In many ways, the year 2021 is remembered as one of the most devastating in rap history. Our capacity for mourning seems to outstrip our sense of loss over the last 12 months. The news of hip-poet hop's laureate, MF Doom, passing away before the clock struck midnight on New Year's Eve last year shook the world like a shock wave. Rap, on the other hand, is a genre founded on resiliency, and in 2021, the genre's biggest performers, as well as a slew of fascinating newcomers, found new methods to balance joy and suffering, the prevailing emotional pendulum in the epidemic period.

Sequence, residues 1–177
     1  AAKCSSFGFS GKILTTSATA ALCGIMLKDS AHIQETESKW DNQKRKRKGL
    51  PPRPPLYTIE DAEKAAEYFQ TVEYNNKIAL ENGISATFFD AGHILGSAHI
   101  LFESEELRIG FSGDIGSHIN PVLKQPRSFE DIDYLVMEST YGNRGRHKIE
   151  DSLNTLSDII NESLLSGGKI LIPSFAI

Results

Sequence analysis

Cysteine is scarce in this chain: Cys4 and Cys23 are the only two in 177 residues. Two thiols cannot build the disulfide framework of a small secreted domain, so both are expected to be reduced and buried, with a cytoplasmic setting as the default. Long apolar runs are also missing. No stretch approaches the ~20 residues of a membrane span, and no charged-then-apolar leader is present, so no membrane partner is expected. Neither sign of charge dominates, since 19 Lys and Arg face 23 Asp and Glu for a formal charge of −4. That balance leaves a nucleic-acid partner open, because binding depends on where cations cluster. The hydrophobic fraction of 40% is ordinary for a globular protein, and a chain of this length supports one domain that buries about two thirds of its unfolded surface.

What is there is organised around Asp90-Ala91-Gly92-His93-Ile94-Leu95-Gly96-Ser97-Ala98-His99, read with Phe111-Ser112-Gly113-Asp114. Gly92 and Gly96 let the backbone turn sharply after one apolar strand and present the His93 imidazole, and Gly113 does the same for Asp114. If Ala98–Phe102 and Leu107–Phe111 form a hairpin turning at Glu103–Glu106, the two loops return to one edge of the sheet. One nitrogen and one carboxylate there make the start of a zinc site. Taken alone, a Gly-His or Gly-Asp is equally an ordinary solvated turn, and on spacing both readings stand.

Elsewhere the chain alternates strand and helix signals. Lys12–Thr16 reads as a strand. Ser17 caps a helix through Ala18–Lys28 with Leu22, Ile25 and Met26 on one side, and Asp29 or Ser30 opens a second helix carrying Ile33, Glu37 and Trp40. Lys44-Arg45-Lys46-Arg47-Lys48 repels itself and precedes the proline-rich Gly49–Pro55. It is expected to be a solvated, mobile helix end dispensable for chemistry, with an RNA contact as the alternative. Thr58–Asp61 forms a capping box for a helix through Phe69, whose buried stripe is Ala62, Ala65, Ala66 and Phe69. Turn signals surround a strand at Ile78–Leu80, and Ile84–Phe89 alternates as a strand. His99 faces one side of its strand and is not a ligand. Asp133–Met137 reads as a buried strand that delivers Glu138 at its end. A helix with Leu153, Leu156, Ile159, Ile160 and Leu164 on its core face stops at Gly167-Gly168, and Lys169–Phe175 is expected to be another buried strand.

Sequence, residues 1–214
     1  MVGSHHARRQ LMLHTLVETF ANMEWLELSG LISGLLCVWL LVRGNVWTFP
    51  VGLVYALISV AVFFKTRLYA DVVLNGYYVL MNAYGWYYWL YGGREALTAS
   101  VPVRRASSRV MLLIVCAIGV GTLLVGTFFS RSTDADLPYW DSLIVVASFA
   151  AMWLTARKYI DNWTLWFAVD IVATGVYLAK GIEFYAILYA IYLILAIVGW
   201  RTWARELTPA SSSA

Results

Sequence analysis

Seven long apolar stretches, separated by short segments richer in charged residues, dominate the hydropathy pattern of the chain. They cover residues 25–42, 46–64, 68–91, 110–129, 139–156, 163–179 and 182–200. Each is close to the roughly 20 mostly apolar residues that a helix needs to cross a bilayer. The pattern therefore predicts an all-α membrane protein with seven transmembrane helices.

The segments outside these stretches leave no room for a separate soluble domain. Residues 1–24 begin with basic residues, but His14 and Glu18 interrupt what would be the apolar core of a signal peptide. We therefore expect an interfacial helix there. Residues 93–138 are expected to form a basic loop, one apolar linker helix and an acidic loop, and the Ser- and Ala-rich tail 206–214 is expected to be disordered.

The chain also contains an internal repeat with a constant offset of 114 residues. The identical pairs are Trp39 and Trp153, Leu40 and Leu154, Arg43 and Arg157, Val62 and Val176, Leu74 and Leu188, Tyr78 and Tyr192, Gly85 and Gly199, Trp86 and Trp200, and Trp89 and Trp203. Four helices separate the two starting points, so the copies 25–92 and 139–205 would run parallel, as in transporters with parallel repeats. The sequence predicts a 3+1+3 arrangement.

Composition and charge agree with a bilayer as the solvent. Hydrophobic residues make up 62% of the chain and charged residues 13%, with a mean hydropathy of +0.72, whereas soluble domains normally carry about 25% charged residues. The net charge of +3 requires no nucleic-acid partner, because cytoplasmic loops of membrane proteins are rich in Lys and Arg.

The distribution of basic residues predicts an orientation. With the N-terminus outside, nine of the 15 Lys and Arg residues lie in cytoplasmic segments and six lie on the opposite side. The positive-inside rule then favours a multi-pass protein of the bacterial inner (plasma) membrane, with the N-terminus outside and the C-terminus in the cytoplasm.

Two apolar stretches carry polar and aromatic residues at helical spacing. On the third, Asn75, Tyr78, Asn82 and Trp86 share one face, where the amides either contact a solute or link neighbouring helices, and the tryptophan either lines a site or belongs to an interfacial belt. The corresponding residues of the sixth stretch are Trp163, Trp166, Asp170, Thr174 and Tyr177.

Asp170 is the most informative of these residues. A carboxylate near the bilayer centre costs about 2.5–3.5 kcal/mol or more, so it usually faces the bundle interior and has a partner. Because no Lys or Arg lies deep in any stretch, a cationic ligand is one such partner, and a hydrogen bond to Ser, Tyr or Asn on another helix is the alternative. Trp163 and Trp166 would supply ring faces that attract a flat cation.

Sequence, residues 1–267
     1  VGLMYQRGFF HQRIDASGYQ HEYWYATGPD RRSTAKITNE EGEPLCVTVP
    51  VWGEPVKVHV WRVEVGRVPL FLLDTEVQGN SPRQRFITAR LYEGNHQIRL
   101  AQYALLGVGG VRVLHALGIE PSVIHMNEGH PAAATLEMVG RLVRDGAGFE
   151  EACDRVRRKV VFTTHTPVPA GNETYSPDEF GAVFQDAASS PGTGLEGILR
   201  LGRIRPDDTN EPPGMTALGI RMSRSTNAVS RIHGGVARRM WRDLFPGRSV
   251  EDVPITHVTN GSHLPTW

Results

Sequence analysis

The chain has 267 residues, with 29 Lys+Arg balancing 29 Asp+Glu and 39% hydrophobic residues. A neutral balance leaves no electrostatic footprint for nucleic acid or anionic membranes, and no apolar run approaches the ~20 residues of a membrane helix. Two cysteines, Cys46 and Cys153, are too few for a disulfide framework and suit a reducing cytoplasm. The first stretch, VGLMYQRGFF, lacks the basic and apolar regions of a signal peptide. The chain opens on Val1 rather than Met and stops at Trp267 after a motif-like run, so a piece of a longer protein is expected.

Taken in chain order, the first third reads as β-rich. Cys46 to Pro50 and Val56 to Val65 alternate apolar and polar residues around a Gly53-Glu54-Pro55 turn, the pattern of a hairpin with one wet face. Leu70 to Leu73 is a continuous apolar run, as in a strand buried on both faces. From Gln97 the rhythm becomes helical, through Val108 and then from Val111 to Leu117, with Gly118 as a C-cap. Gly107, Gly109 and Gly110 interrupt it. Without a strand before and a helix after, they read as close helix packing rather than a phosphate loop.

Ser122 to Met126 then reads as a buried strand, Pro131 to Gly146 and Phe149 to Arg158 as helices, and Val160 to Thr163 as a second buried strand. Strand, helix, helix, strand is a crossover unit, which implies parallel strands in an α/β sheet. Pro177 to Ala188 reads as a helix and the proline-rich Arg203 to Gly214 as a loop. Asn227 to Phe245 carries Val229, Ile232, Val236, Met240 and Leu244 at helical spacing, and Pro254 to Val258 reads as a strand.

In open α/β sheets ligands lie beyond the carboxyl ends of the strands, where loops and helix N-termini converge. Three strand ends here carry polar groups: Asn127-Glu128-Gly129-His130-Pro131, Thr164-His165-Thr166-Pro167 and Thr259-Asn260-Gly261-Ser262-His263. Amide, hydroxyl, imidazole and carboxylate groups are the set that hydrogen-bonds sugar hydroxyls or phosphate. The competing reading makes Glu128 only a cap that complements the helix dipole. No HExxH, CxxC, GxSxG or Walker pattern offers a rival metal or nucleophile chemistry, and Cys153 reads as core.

With Montero, a rich and personal album that also sees the "Old Town Road" star genuinely rapping — like, rapping, rapping — while managing to imbue his delivery with the whimsical delight of golden-age dance music, Lil Nas X laid to rest any devotion to genre or form stubborn rap purists had. Little Simz's extremely personal I Might Be Introvert, in which she seamlessly transitions from contemplating her own trauma to flexing at a party, was a standout. Call Me if You Get Lost finds Tyler, the Creator finally acknowledging his own grandeur, resulting in his best album to date.
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